There is also the zero representation on the 0dimensional vector space $0$ , which sends every matrix to the identity (a 0dimensional vector space is just the origin with no axes, so the identity is just the map which sends the origin to the origin: there's no sensible way of writing this as a matrix).
The classification theorem
We now have complex representations of dimension 0, 1, 2 and 3. It turns out that there is a unique irreducible representation in each dimension.
For any nonnegative integer $n$ there is an $n$ dimensional irreducible representation ("irrep") ${R}_{n}:SU(2)\to GL(n,\mathbf{C})$ . Moreover, any irrep $R:SU(2)\to GL(V)$ is isomorphic to one of these.
The proof of the theorem will take several videos. In what remains of this video, we will define the word "isomorphic". In the next video, I'll construct the irreps ${R}_{n}$ . It will then take us four videos to analyse the representations enough to prove the theorem.
Morphisms of representations
Given two representations $R:G\to GL(V)$
and $S:G\to GL(W)$
of the same group $G$
on vector spaces $V$
and $W$
, a
It's called an
If $V=W={\mathbf{C}}^{n}$ and $L$ is an isomorphism then we can think of $L$ as a changeofbasis matrix. The fact that $S(g)=L\circ R(g)\circ {L}^{1}$ is saying that, with respect to the new basis, the matrices $R(g)$ become the matrices $S(g)$ . So two representations are isomorphic if they are given by the same matrices with respect to some choice of basis.
Consider the representations:

$R:U(1)\to GL(2,\mathbf{C})$ , $R({e}^{i\theta})=\left(\begin{array}{cc}\hfill \mathrm{cos}\theta \hfill & \hfill \mathrm{sin}\theta \hfill \\ \hfill \mathrm{sin}\theta \hfill & \hfill \mathrm{cos}\theta \hfill \end{array}\right)$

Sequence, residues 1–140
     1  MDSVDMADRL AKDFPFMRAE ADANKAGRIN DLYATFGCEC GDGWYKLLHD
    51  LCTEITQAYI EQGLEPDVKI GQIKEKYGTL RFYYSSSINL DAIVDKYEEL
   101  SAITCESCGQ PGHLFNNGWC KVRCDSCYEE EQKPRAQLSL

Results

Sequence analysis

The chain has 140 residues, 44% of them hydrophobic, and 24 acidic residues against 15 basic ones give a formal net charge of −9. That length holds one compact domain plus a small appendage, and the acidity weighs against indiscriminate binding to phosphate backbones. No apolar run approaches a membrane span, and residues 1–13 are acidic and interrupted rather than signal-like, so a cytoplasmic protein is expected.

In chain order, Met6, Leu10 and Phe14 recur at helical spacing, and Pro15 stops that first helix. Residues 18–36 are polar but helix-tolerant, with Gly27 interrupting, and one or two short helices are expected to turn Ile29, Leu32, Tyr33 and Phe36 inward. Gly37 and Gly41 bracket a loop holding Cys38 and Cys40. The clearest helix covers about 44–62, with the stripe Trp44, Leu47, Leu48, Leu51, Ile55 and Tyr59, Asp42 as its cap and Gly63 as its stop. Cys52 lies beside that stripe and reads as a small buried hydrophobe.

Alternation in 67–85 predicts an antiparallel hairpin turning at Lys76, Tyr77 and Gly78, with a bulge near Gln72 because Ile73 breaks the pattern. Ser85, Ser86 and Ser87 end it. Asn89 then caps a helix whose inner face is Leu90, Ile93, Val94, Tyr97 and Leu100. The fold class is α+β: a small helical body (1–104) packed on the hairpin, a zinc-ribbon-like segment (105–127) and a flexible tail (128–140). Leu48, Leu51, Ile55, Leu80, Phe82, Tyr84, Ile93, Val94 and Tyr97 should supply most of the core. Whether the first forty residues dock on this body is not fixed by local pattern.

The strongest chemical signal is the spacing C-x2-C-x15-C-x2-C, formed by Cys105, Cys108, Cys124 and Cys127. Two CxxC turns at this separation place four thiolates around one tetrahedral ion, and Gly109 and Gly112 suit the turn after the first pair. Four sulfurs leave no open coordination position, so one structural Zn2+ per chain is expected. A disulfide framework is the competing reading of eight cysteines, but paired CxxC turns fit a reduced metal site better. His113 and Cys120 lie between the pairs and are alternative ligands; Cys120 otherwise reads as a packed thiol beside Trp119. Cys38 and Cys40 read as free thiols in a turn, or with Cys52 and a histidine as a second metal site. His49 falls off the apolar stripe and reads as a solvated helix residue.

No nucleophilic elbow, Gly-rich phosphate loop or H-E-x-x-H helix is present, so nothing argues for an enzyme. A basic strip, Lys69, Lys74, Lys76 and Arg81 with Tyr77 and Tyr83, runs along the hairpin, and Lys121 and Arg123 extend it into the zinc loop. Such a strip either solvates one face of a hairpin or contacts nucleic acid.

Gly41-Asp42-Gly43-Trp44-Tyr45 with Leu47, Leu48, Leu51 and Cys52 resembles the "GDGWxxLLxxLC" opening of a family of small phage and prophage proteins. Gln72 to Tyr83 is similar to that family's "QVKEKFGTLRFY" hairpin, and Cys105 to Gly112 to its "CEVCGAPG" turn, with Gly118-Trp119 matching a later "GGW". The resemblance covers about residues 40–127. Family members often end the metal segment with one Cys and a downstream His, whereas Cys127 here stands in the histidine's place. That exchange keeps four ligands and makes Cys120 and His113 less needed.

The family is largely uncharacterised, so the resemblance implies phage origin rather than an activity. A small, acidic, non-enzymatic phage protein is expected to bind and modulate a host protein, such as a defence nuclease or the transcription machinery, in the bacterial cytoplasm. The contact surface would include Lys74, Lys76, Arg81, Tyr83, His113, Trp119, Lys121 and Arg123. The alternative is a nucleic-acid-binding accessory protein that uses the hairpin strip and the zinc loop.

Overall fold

$S:U(1)\to GL(2,\mathbf{C})$ , $S({e}^{i\theta})=\left(\begin{array}{cc}\hfill {e}^{i\theta}\hfill & \hfill 0\hfill \\ \hfill 0\hfill & \hfill {e}^{i\theta}\hfill \end{array}\right)$ .
We saw in an earlier video that $S$ is obtained from $R$ by changing to a basis of simultaneous eigenvectors $(i,1)$ and $(i,1)$ . The change of basis matrix is $L=\left(\begin{array}{cc}\hfill i\hfill & \hfill i\hfill \\ \hfill 1\hfill & \hfill 1\hfill \end{array}\right)$ . We will check that $R(g)=L\circ S(g)\circ {L}^{1}$ , so $L$ defines an isomorphism $S\to R$ .
We have: $${L}^{1}={\left(\begin{array}{cc}\hfill i\hfill & \hfill i\hfill \\ \hfill 1\hfill & \hfill 1\hfill \end{array}\right)}^{1}=\frac{1}{2i}\left(\begin{array}{cc}\hfill 1\hfill & \hfill i\hfill \\ \hfill 1\hfill & \hfill i\hfill \end{array}\right)$$ and $$L\circ S(g)\circ {L}^{1}=\frac{1}{2i}\left(\begin{array}{cc}\hfill i\hfill & \hfill i\hfill \\ \hfill 1\hfill & \hfill 1\hfill \end{array}\right)\left(\begin{array}{cc}\hfill {e}^{i\theta}\hfill & \hfill 0\hfill \\ \hfill 0\hfill & \hfill {e}^{i\theta}\hfill \end{array}\right)\left(\begin{array}{cc}\hfill 1\hfill & \hfill i\hfill \\ \hfill 1\hfill & \hfill i\hfill \end{array}\right)=\left(\begin{array}{cc}\hfill \mathrm{cos}\theta \hfill & \hfill \mathrm{sin}\theta \hfill \\ \hfill \mathrm{sin}\theta \hfill & \hfill \mathrm{cos}\theta \hfill \end{array}\right)=R(g)$$ because $$\mathrm{cos}\theta =\frac{{e}^{i\theta}+{e}^{i\theta}}{2}\text{and}\mathrm{sin}\theta =\frac{{e}^{i\theta}{e}^{i\theta}}{2i}.$$
Preclass exercise
Check that $$\frac{1}{2i}\left(\begin{array}{cc}\hfill i\hfill & \hfill i\hfill \\ \hfill 1\hfill & \hfill 1\hfill \end{array}\right)\left(\begin{array}{cc}\hfill {e}^{i\theta}\hfill & \hfill 0\hfill \\ \hfill 0\hfill & \hfill {e}^{i\theta}\hfill \end{array}\right)\left(\begin{array}{cc}\hfill 1\hfill & \hfill i\hfill \\ \hfill 1\hfill & \hfill i\hfill \end{array}\right)=\left(\begin{array}{cc}\hfill \mathrm{cos}\theta \hfill & \hfill \mathrm{sin}\theta \hfill \\ \hfill \mathrm{sin}\theta \hfill & \hfill \mathrm{cos}\theta \hfill \end{array}\right)$$